But today, on presenting it, I realized something more important: that jewelry is not merely for adornment. It’s original purpose was talismanic: to protect the wearer and bring her strength of spirit. To heal those who look to her. When you assemble the polished bits of earth that make these beads, you imbue them with patience and care that transfers to the wearer.
Tuesday, December 18, 2007
Wednesday, November 28, 2007
There are some amazing berries outside the wonderful café where we go- I’ve never seen berries change colors as they mature the way these did. In a few weeks in late October, they traversed the spectrum from green to purple to red.
Just like those berries, the little flower beads in this necklace are “color change” beads: in daylight- they reflect green, and in incandescent light, they reflect red, changing like the ripening berries. And those round green agate beads are the precise bayberry color of the new berries.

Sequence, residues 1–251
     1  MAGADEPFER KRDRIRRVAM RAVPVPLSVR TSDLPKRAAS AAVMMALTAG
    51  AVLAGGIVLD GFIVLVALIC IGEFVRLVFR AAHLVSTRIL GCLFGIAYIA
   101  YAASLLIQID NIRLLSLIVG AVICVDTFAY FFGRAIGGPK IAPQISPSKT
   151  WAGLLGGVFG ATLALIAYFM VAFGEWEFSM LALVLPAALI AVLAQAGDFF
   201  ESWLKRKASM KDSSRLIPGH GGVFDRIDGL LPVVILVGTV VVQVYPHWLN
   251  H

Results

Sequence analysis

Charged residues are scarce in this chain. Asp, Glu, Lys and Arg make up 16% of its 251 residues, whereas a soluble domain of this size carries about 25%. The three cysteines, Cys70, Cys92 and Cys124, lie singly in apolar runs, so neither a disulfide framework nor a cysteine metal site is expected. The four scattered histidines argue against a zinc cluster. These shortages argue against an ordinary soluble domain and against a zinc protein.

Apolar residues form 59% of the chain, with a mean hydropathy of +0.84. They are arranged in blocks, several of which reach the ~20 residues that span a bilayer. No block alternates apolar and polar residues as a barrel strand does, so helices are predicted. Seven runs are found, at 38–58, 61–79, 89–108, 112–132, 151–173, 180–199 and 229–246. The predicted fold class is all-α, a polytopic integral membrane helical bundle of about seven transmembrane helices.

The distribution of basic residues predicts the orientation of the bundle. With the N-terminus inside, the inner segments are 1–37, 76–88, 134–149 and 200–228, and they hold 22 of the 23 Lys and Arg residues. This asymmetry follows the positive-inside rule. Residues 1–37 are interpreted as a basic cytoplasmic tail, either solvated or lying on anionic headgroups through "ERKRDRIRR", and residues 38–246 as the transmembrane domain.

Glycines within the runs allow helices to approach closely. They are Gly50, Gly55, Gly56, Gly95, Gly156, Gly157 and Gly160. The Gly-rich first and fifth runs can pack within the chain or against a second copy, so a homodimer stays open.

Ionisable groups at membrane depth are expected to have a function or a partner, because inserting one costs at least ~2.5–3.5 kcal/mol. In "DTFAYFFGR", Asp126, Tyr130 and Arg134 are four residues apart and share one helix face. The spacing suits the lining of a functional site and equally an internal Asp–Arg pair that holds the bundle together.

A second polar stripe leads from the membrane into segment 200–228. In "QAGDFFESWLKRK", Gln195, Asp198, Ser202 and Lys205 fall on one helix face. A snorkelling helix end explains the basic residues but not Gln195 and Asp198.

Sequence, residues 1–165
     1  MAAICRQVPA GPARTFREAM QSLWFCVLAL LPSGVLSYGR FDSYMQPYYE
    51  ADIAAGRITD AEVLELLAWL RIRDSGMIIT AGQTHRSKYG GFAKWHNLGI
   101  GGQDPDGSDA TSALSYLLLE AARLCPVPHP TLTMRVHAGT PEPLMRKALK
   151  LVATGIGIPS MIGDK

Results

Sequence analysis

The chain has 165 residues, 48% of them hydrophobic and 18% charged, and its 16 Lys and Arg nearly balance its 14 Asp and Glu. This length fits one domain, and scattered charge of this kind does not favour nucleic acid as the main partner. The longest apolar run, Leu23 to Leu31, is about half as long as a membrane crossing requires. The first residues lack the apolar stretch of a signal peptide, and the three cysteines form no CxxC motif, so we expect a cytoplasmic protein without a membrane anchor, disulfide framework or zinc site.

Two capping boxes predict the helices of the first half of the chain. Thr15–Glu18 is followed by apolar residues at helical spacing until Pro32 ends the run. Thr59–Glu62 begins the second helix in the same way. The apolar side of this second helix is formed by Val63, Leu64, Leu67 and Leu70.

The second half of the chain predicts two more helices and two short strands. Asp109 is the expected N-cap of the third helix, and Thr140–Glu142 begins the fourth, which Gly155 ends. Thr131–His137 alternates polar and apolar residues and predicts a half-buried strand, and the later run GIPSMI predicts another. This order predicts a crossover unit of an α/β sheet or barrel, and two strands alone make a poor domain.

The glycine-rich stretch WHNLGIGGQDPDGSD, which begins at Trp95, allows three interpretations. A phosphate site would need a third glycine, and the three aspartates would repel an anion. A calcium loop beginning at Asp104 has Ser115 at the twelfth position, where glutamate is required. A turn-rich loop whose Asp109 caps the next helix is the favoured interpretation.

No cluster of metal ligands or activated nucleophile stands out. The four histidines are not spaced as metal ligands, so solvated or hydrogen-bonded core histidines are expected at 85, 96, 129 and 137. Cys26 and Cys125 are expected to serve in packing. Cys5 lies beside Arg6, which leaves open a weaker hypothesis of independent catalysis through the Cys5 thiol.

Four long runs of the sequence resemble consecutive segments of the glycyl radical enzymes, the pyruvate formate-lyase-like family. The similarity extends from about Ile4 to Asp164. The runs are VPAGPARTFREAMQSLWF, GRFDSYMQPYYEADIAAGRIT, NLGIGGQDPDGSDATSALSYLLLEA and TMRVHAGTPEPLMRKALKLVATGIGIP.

Now, my friend made a sad confession: necklaces give her claustrophobia.
How sad- not to be able to bedeck onself. Jewelry is, above all, a proclamation of one’s unique spirit. Inner beauty worn outwardly. I hope for my friend that she will conquer her fear, change like the berries, and take on the color of her own beauty.
Tuesday, November 13, 2007
Beads teach us things. Patience, for one thing. The pendant in this necklace was once a lovely pin, given to me by The Muse (everyone should have one- but no one has a Muse as fine as mine!) years ago. It stopped being a pin after much fond wear, when it’s pinback fell off. Fortunately, it was not lost; I saved it as a flat object for a long time deciding whether to repair it. I never repaired it, because in time it came to me that it would be happy as a pendant if only I could find the right beads. This all happened years before I was able to bead- I was gathering elements for this piece a long time.